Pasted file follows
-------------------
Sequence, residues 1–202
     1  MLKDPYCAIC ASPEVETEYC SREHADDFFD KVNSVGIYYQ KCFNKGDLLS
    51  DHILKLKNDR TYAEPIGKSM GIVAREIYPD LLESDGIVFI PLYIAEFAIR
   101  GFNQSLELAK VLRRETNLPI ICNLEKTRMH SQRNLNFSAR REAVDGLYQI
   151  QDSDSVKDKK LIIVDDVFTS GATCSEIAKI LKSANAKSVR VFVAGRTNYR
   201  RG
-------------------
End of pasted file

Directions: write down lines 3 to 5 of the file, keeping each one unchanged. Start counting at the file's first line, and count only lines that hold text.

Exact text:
    51  DHILKLKNDR TYAEPIGKSM GIVAREIYPD LLESDGIVFI PLYIAEFAIR
   101  GFNQSLELAK VLRRETNLPI ICNLEKTRMH SQRNLNFSAR REAVDGLYQI
   151  QDSDSVKDKK LIIVDDVFTS GATCSEIAKI LKSANAKSVR VFVAGRTNYR